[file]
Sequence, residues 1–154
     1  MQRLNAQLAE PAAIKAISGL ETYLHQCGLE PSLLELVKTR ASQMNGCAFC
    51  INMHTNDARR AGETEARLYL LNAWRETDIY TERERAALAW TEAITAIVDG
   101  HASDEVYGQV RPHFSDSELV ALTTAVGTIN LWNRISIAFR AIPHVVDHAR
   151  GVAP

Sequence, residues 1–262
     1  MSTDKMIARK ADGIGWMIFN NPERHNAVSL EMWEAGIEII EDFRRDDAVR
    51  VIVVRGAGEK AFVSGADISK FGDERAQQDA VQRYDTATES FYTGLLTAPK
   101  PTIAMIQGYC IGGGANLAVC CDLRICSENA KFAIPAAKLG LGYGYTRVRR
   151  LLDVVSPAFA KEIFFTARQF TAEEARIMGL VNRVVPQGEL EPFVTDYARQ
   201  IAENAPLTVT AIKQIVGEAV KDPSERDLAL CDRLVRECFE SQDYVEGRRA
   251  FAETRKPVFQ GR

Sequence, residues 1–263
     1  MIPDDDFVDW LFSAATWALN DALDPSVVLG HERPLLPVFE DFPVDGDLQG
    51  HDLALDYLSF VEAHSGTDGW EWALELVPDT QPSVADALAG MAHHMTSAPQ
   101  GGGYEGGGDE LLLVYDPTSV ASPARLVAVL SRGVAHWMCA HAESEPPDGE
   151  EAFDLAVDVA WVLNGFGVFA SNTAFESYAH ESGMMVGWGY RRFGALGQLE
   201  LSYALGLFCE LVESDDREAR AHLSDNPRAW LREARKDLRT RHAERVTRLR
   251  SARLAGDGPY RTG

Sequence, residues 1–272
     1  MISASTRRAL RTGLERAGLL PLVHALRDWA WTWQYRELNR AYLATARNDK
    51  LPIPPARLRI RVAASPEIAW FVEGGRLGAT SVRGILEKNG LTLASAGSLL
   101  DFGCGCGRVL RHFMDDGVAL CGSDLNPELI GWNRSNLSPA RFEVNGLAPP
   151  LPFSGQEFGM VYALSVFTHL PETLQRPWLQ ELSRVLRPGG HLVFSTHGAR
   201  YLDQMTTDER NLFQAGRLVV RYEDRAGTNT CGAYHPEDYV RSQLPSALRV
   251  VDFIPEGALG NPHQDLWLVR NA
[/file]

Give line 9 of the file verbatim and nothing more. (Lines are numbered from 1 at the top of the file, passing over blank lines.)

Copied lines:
   101  PTIAMIQGYC IGGGANLAVC CDLRICSENA KFAIPAAKLG LGYGYTRVRR